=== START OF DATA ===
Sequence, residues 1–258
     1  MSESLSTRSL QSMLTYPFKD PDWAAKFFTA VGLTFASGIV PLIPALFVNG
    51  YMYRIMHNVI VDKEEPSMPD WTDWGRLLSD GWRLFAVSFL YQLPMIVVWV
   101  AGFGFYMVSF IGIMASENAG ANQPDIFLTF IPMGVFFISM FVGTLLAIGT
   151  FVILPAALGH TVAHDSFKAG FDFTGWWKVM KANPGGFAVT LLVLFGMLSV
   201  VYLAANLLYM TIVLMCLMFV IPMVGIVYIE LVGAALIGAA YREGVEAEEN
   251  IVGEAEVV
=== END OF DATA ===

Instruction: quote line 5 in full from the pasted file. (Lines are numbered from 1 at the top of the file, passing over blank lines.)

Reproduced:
   151  FVILPAALGH TVAHDSFKAG FDFTGWWKVM KANPGGFAVT LLVLFGMLSV